WILMINGTON, Del. — Joe Biden’s chartered airplanes and SUVs are meticulously sprayed with disinfectant and scrubbed. The microphones, lecterns and folders he uses are wiped down in the moments before his arrival. News reporters covering the campaign have their temperature taken. People he meets are scanned in advance with thermometer wands and guests at his events are cordoned off in precise locations mapped out with a tape measure.
The former vice president is seldom without a mask when in public or around anyone other than his wife, Jill Biden. Access to their home is limited to only a few staffers — and when they’re inside, each wears a mask, including Biden. The level of discipline is such that at times when someone stops to take a drink of water, that person will turn their head away from the others to reduce the chances of scattering droplets, according to campaign aides.
With more than 6 million people infected and nearly 200,000 dead from the coronavirus, the former vice president is taking no chances with his safety. He operates in a sanitizer-saturated bubble within the traditional presidential campaign bubble, an environment designed and obsessively cultivated by staff in an attempt to protect him from a possible encounter with the virus.
Joe Biden might be back on the campaign trail after months of quarantining in the basement of his Delaware home, but his team is still trying to keep him inside an impenetrable coronavirus bubble.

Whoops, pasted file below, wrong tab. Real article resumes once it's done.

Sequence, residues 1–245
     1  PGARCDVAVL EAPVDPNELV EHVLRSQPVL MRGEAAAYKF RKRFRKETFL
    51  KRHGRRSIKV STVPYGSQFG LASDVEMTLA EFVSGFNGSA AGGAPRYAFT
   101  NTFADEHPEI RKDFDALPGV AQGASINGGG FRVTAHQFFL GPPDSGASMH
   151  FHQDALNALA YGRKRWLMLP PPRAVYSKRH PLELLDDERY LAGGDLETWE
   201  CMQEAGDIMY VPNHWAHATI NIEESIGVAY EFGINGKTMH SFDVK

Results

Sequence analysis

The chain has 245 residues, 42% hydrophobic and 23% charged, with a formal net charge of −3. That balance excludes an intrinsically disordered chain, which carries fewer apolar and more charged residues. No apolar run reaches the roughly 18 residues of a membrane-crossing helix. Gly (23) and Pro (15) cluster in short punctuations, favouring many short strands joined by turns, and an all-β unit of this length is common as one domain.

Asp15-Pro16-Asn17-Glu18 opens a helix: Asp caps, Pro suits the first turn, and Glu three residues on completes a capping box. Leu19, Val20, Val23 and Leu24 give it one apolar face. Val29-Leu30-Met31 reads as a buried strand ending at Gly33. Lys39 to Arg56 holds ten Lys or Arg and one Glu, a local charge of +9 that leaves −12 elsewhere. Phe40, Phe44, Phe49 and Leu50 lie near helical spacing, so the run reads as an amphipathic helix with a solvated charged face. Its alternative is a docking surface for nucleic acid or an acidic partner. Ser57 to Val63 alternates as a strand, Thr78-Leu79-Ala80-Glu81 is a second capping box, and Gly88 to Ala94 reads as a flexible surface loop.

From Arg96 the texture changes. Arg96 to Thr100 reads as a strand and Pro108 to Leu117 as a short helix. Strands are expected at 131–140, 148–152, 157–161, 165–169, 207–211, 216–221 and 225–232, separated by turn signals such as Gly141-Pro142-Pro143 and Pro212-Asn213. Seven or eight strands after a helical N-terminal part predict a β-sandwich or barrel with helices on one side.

The rationale behind the painstaking attention to safety is both personal and political. For months, aides have privately acknowledged being concerned about his health. At 77, Biden is more susceptible to the virus that causes Covid-19 and his age alone puts him at higher risk of serious complications from the illness.
Yet the campaign is also committed to modeling responsible behavior — to avoid undermining their blunt Covid-19 messaging and sharpen the contrast with Donald Trump, who, at the big, nonsocially distanced events the president has resumed holding around the country, delights in deriding Biden for frequently wearing a mask.
Biden deputy campaign manager Kate Bedingfield said the campaign’s reasoning for being so cautious is simple: “We don’t want any more Americans to contract the virus.”
“What we consistently hear from people is that they’re frustrated by how Trump has engaged over the summer — that he doesn’t follow public health guidelines while they’re not going to funerals and are sharing in the sacrifice for six, seven months now,” Bedingfield said. “They’re frustrated when they see Donald Trump behaving irresponsibly at a political event.”